If you have a keyring with all sorts of doodads, the key is horizontal and loaded, then yes, the key switch is going to wear out faster. A vertical single key is not going to give many problems. Dirt bikes ground the ignition circuit to the bars, and that is why they are a problem. We have a lot of farm bikes and quads here working on the farm....they never turn them off.
 
Joined
Sep 20, 2014
Messages
2,453
Location
Seattle-ish, WA
I guess if Id ever had one fail in 47 years of riding I may agree- but I haven't.
I think I've only been riding 46 years, so you got me beat. ;) And I've also never heard this. Dad was riding almost 20 years before I was, so say 65 years of mc memory there?

Also it's completely backwards - I'd rather save wear/tear on the ignition than a simple dipole switch I can clean/refurb in 20 minutes.

I've restored a number of bikes over the years (decardes) - never had to fix a kill switch!
 
Joined
Jun 5, 2013
Messages
1,081
Location
Colorado, USA
I don’t know about you guys but my front brake is on the right and clutch is on the left... :) I come to a stop with my right hand on the front brake, both feet are down. My clutch is in because I’m not moving. I turn off the kill switch. Release the clutch so the bike is in gear and lower the side stand. Makes sure the motor is bumped up against compression and the bike won’t roll off the stand. I don’t understand all this debate about which one you use. My hands are busy so I use the kill switch. And then do the “difficult” thing about this apparently, and turn off the ignition and remove the key. 🔑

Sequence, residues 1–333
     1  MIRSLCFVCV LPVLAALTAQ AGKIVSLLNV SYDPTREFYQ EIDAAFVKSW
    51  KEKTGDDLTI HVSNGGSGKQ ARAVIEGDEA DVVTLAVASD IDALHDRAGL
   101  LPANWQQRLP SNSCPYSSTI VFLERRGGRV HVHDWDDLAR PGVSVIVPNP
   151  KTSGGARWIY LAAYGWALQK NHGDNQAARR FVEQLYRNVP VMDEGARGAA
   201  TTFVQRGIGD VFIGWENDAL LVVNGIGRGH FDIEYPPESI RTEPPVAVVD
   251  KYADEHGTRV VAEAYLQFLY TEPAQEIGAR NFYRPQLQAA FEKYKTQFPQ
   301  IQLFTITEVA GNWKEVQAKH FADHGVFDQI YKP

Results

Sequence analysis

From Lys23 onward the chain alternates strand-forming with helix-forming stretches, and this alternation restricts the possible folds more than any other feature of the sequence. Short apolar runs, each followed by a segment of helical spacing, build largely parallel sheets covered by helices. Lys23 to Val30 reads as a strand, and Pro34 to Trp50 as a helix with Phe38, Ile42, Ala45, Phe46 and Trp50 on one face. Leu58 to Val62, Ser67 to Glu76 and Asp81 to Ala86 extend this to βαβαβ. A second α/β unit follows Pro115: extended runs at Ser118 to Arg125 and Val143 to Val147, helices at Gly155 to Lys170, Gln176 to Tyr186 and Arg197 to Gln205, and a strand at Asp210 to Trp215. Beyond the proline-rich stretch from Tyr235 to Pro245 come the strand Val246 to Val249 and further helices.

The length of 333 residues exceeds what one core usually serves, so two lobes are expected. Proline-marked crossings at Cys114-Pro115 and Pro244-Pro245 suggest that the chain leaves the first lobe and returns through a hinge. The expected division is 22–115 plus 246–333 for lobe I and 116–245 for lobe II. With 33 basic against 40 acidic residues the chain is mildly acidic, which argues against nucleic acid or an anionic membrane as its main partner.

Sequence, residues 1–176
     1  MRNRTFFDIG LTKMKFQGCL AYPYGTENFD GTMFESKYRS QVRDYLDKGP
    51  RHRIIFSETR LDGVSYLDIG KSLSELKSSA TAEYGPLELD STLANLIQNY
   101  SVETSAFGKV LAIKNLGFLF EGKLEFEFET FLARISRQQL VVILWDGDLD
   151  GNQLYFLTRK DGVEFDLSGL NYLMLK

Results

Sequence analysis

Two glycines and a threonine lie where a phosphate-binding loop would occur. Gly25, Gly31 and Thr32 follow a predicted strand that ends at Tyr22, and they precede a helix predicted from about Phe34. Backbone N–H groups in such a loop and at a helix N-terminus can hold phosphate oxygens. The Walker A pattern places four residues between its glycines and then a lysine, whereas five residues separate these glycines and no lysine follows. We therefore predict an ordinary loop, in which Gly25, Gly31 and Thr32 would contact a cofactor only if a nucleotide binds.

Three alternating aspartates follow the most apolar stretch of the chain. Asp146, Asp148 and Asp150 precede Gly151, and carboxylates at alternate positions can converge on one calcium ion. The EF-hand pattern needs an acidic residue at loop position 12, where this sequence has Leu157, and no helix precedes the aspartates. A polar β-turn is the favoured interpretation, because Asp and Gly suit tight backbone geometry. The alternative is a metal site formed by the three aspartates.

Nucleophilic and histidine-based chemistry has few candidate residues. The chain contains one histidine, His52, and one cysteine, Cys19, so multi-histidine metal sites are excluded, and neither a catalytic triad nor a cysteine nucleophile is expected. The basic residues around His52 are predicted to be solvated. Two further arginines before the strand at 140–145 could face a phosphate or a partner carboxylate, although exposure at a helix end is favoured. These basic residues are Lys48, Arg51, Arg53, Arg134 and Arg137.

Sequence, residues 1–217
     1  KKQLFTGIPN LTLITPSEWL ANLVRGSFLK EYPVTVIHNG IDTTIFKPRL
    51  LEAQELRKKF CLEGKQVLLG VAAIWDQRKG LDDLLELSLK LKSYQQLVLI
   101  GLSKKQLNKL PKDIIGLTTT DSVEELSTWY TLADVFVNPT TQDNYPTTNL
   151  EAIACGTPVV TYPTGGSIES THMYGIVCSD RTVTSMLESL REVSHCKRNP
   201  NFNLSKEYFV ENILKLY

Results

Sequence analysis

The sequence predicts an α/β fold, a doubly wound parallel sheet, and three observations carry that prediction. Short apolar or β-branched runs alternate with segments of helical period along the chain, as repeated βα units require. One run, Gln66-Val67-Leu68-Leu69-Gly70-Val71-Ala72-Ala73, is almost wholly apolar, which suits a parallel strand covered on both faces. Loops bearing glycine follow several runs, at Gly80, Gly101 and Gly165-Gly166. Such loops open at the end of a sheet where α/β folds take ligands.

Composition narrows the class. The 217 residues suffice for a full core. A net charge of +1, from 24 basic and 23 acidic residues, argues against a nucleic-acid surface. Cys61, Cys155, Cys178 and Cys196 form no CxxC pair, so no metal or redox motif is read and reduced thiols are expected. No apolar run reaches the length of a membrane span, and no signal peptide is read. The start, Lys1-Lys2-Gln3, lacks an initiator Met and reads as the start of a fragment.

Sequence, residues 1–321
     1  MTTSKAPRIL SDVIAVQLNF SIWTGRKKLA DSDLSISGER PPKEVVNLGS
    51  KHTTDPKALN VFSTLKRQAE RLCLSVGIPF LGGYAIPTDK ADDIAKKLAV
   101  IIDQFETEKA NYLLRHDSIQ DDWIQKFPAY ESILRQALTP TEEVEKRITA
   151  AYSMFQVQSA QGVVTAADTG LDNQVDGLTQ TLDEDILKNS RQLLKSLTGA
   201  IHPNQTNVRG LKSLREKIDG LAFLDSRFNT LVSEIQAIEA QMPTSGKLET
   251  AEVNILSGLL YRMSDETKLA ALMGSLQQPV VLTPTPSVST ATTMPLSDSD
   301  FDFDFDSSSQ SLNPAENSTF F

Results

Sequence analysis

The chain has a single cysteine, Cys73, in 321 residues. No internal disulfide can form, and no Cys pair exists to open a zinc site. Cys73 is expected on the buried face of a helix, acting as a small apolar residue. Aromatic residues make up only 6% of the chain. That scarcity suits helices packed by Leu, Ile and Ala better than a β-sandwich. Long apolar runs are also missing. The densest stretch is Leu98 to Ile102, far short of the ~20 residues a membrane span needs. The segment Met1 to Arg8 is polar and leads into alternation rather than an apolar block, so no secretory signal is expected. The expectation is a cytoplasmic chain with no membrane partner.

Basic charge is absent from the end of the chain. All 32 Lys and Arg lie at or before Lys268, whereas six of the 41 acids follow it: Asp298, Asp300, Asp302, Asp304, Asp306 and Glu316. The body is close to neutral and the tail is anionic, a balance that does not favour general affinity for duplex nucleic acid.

blupupher

Site Donor 2021
Joined
Aug 27, 2004
Messages
7,138
Location
Katy, Republic of Texas
I agree with the muscle memory as well as the convenience of your hand is already there.

That said, on my GL1500, I use the key most of the time because I hate the location and style of kill switch that the bike has (a 3 position knob, off/on/off) instead of a simple rocker.
On my Shadow, I used the (rocker style) kill switch every time because the key was by my left knee and it was easier to move my thumb 2 inches instead of put bike in neutral, release clutch, then reach down and turn it off.
 
Joined
Feb 4, 2020
Messages
322
Location
MI
I use either the key, the kill switch or the kickstand switch to turn off the bike. It just depends on the situation. I don't lose sleep over it.

I had my HI-LO headlight rocker switch act up this spring. Had to toggle it back and forth a bunch to clean the contacts and get it working again. So, I guess I can call my engine stop methods a form of preventative maintenance by exercising the switches and verifying they work properly.